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TPG’s favorite Flight Attendant Insider Carrie A. Trey is back, this time to talk about the lesser-known perks that come along with the job — in this case, the ability to shop all over the world.
Cabin crew the world over undoubtedly have one thing in common: We love to shop! Whether we’re on the prowl for the latest looks at boutiques in Paris, shopping for leather goods in Buenos Aires, having cosmetic procedures done in Bangkok or buying beer in Belgium, we know what we like and just where to get it. Most of us will even go out of our way, forgoing days off or volunteering for a less-than-desirable route just to go buy that special something in just the right spot. Here’s my list of the five most common things cabin crew buy overseas.
1. Household Goods and Groceries
Definitely the most common thing we leave the country to shop for are groceries. Whether it’s because you can’t get a particular brand at home, it’s too expensive in the US, or you just like saying, “It tastes so good because I bought it in Paris,” we love to go overseas to grab our favorite household goods. For example, if you come to my house, you’ll only find Le Petit Marseillais soaps — and shampoo, if you’re in my shower! — which I, of course, buy in France. I know a flight attendant who hauls back cases of bottled water from Italy because she swears by Acqua Panna and refuses to pay the extortionate prices at Whole Foods. My coffee and brown sugar are Brazilian, my dish soap and laundry soap are German, my honey is British and my ice cream is Japanese. Welcome to a flight attendant’s pantry. Green-tea Kit Kats from Japan, hummus and spices from Israel, Fairy dish soap from Europe, Appletiser from South Africa — which mixes brilliantly with vodka! — delicious cheeses (Camembert from France, Edam from Holland) and, of course, olive oil and feta from Greece. You name a product, chances are we’ve found the crème de la crème overseas and we will go out of our way to get more of it.
When it comes to drugs, most flight attendants keep a veritable pharmacy in their bags at all times. Passengers love to fly sick, but we certainly don’t love catching whatever it is you were irresponsible enough to travel with. Uppers, downers, probiotics, antibiotics, muscle relaxers, sleeping pills — whatever pill, potion or salve it is, we have it, and we know just where to buy it. Most of us stock up in India or South America (Peru and Colombia are particularly liberal), but some of the more conventional meds are available elsewhere, too. Synflex is a painkiller available over the counter in Italy, and I never leave home without it — a dose of 550 mg will wipe out a hangover faster than you can say “Cross check!” And Donormyl is a little French miracle pill that can knock even the Energizer Bunny out for eight hours straight.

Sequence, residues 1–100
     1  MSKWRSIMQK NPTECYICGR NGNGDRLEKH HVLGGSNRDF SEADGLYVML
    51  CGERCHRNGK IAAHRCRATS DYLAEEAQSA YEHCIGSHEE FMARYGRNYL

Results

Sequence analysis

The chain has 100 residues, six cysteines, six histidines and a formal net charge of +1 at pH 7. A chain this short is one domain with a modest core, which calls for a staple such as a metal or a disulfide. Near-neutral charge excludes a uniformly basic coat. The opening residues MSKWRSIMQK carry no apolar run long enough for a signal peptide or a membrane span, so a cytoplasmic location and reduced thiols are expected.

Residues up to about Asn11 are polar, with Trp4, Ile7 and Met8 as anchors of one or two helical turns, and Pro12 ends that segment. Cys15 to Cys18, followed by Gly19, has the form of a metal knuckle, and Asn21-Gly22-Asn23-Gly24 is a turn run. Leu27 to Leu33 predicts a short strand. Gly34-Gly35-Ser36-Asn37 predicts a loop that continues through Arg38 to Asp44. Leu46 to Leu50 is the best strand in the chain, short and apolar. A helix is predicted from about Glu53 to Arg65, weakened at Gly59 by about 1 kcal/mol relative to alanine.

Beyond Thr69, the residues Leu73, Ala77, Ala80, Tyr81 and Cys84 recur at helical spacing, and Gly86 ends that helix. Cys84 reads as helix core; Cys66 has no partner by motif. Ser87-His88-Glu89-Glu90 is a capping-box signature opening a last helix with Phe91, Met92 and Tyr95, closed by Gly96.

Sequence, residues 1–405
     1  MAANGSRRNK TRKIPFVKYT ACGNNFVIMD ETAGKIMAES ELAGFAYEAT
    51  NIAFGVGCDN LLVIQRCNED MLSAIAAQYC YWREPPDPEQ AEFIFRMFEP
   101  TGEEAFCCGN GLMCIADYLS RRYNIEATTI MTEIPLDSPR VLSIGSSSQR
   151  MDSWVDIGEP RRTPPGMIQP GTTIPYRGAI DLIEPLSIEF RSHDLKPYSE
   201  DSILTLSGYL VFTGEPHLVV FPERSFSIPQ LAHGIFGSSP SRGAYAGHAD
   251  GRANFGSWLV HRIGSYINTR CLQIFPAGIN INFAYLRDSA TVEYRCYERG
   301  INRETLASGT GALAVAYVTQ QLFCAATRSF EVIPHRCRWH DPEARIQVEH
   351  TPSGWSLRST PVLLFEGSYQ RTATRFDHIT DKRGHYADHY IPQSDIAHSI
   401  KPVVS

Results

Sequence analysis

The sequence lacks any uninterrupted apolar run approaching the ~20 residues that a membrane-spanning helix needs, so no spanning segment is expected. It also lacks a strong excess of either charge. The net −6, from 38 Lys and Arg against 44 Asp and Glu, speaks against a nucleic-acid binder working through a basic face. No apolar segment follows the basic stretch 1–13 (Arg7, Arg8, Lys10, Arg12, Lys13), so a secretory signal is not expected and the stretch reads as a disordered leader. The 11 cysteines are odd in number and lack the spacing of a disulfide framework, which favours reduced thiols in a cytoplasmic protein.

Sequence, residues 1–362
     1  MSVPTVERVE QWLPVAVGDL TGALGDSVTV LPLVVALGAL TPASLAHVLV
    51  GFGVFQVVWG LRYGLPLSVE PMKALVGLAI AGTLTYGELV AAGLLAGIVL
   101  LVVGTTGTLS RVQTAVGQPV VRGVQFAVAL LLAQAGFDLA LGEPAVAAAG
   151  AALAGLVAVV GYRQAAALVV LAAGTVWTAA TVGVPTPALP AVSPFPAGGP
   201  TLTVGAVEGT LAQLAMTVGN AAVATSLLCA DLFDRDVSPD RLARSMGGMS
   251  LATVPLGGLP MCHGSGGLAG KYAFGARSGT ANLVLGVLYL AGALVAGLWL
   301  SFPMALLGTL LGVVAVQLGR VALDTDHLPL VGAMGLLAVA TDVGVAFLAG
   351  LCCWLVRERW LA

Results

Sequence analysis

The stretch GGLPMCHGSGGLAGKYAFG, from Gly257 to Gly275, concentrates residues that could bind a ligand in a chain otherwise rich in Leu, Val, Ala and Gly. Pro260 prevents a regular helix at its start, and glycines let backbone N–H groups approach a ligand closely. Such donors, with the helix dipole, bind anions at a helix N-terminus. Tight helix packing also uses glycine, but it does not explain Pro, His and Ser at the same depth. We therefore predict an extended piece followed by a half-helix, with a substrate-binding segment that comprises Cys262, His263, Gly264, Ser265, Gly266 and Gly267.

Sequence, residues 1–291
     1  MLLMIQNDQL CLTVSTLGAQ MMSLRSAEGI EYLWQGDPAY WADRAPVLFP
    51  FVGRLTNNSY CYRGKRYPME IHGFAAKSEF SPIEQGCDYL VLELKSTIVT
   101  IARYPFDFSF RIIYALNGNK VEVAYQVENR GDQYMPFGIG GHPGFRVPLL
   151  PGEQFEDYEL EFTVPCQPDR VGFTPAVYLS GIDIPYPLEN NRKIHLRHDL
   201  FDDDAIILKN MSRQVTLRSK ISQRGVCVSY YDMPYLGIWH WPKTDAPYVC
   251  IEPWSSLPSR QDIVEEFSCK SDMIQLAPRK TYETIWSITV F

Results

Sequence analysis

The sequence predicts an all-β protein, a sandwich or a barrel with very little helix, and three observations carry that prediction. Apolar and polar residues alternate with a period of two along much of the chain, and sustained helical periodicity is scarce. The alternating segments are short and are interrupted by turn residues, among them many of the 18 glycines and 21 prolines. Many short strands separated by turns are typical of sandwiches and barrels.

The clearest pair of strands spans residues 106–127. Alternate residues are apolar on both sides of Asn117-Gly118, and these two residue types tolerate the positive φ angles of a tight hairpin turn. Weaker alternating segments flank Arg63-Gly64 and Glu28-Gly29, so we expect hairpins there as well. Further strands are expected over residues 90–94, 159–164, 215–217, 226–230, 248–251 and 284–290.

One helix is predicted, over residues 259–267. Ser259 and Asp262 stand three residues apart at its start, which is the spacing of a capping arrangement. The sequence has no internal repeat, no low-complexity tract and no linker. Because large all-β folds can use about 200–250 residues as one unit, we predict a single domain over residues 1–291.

Yes, we go overseas for people, or rather, their services. Most cabin crew have their very own staff, dotted all over the globe. Example: My tailors are in Hong Kong and Bangkok, my chiropractors are in New York and São Paulo, my acupuncturist is in Tokyo, I have a genius personal shopper in Barcelona, and if I can’t get my hair done by my darling hairdresser in Paris, my plan B is in Los Angeles — if you see me with a big, platinum-blonde bird’s nest on my head, you’ll know I didn’t get CDG or LAX on my roster that month. FA crew love to go overseas to get just about everything done that they don’t want to spend precious time doing at home during their days off. Teeth-whitening is popular in Bogota and Bangkok, and Botox is cheap as chips in Moscow, thanks to a weak ruble — we also love to get it done in Seoul. You name it, we’ve found someone to do it overseas better or cheaper than here in the US. I’ve even had crew go under the knife on a layover, which is not something I’d recommend at all, but more about that in my next edition of Galley Gossip.
4. Unique Gifts
Last but not least, we make a point of shopping for gifts abroad. It’s a great way to guarantee that nobody else will bring the same present to the party and even if they do, you can always say, “Well, mine is from Rio.” Buying gifts abroad is a great way to show your friends just how much you care. Make sure your flight-attendant friends are on the list for your next intimate get-together — they’re likely to turn up with goodies like chocolates from Belgium, small-batch vodka from Russia and Scandinavia, irresistible wines from Australia, rugs from Turkey, silks from China or Champagne flown in earlier that day from Champagne. But even better than the gifts themselves? Solid proof that we care enough to schlep something bulky and dreadfully heavy across an ocean, through customs and onto a train/bus/another trying form of public transportation just to see you smile.
Of course clothes were going to be on this list. There isn’t a flight attendant out there who can resist the bi-annual sales in Europe, the made-to-fit garments from the brilliant tailors in Asia and India or a cheeky trip to Primark in the UK. Personally, I refuse to wear all but two brands of pantyhose at work and I can only get them in Italy or France. Leather goods are simply not the same if you buy them somewhere other than Italy or Argentina. And of course we looooove to shoe shop pretty much anywhere that isn’t home, although stopping by DSW on layovers in the US is always a guilty pleasure.
What do you always buy overseas? Let us know in the comments, below.
Featured image courtesy of fotofojanini via Getty Images.
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